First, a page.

Pubdate: Thu, 13 Jul 2006
Source: Observer, The (CN ON)
Copyright: 2006, OSPREY Media Group Inc.
Author: Neil Bowen
Bookmark: (Cannabis - Canada)


A man's attempt to plead guilty in court this week was derailed by a
legal precedent that could support his acquittal.

Justice Mark Hornblower said he would not accept the guilty plea to a
charge of marijuana possession based on a previous ruling by himself,
in which he said random drug searches at schools violate the Charter
of Rights' protection against unreasonable search and seizure.

The 18-year-old man in court Tuesday had wanted to finish his case,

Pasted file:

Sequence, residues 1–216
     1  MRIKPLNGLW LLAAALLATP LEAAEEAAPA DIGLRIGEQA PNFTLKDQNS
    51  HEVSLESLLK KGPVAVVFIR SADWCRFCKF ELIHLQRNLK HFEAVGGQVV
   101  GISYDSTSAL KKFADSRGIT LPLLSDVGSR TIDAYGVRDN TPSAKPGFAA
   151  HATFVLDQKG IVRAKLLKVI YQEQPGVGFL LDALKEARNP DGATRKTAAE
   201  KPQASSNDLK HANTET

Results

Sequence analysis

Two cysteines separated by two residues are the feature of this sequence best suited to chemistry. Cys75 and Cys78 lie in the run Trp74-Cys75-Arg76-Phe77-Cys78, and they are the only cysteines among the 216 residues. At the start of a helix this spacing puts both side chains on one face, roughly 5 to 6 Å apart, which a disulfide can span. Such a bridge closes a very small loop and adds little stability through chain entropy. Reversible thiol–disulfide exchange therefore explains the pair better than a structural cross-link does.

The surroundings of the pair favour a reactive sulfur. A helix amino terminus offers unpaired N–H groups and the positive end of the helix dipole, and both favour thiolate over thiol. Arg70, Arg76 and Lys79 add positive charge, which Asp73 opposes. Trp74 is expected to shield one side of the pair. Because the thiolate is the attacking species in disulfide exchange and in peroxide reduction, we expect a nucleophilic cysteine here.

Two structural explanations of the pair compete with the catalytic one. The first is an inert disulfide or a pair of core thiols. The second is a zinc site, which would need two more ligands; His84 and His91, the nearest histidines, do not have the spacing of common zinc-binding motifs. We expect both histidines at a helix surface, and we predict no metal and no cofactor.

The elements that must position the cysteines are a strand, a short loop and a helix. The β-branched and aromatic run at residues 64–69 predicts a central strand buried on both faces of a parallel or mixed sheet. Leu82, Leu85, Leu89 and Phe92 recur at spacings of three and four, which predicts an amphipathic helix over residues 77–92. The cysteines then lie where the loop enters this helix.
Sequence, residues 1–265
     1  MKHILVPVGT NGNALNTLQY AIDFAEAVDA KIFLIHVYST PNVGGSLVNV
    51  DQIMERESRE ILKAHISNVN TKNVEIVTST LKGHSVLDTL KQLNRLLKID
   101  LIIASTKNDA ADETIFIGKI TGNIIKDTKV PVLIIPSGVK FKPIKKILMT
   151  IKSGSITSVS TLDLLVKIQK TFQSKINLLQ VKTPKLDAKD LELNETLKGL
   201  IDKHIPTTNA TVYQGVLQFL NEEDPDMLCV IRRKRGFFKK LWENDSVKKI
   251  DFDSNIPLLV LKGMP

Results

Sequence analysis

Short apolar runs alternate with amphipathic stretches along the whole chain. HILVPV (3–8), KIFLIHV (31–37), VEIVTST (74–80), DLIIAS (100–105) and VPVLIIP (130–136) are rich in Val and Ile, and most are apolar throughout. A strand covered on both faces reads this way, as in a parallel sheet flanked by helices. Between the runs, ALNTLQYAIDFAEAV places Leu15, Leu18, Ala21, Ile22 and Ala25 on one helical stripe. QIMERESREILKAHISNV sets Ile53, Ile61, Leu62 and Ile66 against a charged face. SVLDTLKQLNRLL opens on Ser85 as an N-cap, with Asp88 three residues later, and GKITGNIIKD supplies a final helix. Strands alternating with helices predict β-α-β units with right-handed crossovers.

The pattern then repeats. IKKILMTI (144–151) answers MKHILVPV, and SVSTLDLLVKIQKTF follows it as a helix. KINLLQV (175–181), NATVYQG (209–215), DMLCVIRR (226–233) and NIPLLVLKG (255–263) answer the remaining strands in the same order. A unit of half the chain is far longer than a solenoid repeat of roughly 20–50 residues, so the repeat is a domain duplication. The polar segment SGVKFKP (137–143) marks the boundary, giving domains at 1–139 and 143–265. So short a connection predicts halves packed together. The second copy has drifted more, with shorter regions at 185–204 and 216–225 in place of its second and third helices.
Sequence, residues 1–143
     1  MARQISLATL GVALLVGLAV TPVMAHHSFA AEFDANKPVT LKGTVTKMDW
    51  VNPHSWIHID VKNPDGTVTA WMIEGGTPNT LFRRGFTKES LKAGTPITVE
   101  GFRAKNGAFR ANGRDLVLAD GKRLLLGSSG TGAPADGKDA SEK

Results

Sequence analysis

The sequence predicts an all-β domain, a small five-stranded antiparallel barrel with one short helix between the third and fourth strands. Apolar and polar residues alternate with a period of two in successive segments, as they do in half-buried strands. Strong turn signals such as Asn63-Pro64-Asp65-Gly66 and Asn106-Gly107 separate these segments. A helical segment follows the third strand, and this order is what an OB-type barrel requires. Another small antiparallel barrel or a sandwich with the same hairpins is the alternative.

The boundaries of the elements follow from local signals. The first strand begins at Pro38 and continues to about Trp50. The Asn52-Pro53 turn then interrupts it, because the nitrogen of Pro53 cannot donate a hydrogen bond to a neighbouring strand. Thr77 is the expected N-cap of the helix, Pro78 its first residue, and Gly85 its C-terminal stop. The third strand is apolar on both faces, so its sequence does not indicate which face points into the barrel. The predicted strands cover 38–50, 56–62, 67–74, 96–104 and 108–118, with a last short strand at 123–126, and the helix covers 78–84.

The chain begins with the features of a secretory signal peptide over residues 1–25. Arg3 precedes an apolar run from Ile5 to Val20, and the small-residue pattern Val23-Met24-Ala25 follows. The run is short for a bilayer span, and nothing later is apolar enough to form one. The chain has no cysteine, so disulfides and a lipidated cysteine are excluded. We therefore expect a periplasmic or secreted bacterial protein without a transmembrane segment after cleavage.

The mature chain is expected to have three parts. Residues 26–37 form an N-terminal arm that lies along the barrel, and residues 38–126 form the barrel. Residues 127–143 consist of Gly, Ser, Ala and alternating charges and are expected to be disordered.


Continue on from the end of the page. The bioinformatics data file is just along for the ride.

which began when he was charged April 11.

Hornblower told the man his refusal to accept the plea was not an
attempt to inconvenience him. It indicated there was a potential
defence against the charge.

This week the court was told it is possible that Hornblower's ruling
could be referred to the Supreme Court of Canada. But Hornblower said
the high court has already clearly defined the contentious issue.

Further prosecution of the case must await a decision on whether
appeals of Hornblower's ruling will be pursued.

Hornblower's previous ruling, which has been supported by the Ontario
Court of Appeal, dealt with a Nov. 7, 2002 search at St. Patrick's
High School. A student's backpack was searched after a police dog had
gone through the school with the principal's permission.

This week's case was adjourned until July 17.
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